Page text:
Addictions, self-harming, depression, anxiety, all from loss of the connection to the Self.  Although many of the quotes above relate to women, with rising rates of suicide and toxic masculinity, men as a group aren’t doing well either.  Taming Self to fit some culturally-imposed narrative causes individual AND collective trauma, for men, women, and all genders.  Muzzling, even killing off, inherent parts of self are not without consequence.  We are dis-eased and wounded by the weight of unlived lives and the loss of pieces of Self.  We turn this harm on one another, collectively through un-belonging and othering.  Cutting ourselves off from our own needs as well as each other are  spiritual, psychic wounds.


Finding our way out of this mess would be nothing short of heroic.  Indeed, the search for authenticity and depth of being is the path of the creative, mystic, and medicine maker.  Something happened that caused you to wake up to the incongruity and abrasiveness of your circumstances – an illness, loss,  or a break of some kind, providing a threshold to cross into a new way of Being, to shed the dross of restrictive culture, to become Whole.  You are called to go into that unknown, liminal space to heal and reclaim some essence of you.


“…sooner or later, no matter how cleverly we try to hide ourselves, to turn away from the truth, we are called to change. To wake up, and to see, and so to take responsibility. To reclaim our power, and to participate in the remaking of the world. Joseph Campbell named it the ‘Call to Adventure’ – but it should be so much more than merely an adventure. It is a ‘Call to Life’ – a full, authentic life.  It is a Call to rise from the half-sleep of our existence, and to take up our part in the great unfolding of the world….We must answer the Call, or forever be lost to the Wasteland5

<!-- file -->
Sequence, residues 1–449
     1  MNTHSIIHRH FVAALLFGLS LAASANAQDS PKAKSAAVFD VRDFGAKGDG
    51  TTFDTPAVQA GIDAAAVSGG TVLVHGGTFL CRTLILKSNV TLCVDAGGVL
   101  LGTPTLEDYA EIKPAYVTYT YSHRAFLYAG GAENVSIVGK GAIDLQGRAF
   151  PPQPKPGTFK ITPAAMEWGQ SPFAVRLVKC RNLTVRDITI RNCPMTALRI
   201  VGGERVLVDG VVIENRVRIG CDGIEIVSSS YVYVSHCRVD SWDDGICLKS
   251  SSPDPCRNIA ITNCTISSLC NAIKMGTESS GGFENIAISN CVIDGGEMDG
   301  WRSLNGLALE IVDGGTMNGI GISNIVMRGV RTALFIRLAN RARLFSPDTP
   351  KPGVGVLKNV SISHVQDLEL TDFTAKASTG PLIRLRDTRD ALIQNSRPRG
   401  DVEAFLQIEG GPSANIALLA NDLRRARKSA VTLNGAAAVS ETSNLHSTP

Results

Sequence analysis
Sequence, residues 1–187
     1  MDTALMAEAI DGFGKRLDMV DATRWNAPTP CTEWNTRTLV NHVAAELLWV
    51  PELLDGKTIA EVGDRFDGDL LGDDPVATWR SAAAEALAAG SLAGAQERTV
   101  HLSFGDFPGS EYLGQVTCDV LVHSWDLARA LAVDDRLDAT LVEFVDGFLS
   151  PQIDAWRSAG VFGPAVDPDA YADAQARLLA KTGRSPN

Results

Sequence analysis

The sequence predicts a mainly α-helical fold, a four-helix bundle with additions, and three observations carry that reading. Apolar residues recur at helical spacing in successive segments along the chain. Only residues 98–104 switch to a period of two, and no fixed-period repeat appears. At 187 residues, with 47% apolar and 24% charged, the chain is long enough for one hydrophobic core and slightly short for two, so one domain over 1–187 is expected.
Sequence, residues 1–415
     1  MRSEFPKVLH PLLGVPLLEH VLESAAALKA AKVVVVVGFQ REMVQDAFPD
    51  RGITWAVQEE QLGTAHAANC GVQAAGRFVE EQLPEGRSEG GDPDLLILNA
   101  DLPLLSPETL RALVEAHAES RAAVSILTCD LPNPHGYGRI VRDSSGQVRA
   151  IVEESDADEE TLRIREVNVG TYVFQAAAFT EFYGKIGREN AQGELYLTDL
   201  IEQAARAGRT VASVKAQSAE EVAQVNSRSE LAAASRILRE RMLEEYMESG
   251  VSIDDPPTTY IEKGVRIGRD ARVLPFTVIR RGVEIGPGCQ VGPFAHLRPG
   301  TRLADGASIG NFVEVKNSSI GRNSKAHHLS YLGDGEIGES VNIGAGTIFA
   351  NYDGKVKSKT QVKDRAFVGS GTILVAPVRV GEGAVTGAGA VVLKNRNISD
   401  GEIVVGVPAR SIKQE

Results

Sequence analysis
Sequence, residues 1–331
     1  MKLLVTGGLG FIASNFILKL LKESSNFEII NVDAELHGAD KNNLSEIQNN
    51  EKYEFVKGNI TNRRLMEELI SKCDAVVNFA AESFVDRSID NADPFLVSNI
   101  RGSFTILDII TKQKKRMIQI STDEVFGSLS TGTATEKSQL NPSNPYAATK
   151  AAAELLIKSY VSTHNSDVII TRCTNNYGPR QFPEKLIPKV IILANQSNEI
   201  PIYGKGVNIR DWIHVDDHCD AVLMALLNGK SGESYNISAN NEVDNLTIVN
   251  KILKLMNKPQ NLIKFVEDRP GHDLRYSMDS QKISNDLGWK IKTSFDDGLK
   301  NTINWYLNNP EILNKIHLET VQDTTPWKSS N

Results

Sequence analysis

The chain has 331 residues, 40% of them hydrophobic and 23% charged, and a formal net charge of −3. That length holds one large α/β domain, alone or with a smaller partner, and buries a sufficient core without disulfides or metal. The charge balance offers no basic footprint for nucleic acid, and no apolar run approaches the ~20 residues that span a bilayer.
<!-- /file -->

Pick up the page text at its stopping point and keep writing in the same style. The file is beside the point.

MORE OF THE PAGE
There are words for this….for our seeking, soul-need, our desire for meaning-making, and our way out of domestication and loss.  A call to adventure and life.  The Hero/ine’s Journey.


This journey, by choice or by exile, involves leaving the Wasteland (discussed by TS Elliot, Joseph Campbell, Sharon Blackie, and others), or “a land where people are living inauthentic lives6, moving the traveler from the toxic Familiar into the unknown, Otherworld, transitional, gestational.


They’ve moved out of the society that would have protected them and into the dark forest, into the world of fire of original experience.  Original experience has not been interpreted for you, and so you’ve got to work out your life for yourself.  Either you can take it or you can’t.  You don’t have to go far off the interpreted path to find yourself in very difficult situations.  The courage to face the trials and to bring a while new body of possibilities into the field of interpreted experience for other people to experience – that is the hero’s deed6


This journey requires community.  The Hero/ine does not do the hard labor of rewilding the Self for the self alone.  They are meant to bring back revelations to their community for collective use and healing.  With increased self-awareness and self-acceptance, we increase our tolerance for diversity, inclusion, ambiguity, both/and type thinking, dismantling cultural parameters of “should”s .  The hero/ine shows up and is received in their authenticity, freeing others to tend their wounds and step into their own fullness of Being.


There is a wild woman under our skin who wants nothing more than to dance until her feet are sore, sing her beautiful grief into the rafters, and offer the bottomless cup of her creativity as a way of life.  And if you are able to sing from the very wound that you’ve worked so hard to hide, not only will it give meaning to your own story, but it becomes a corroborative voice for others with similar wounding1


Authenticity is a form of service” (-Danielle LaPorte)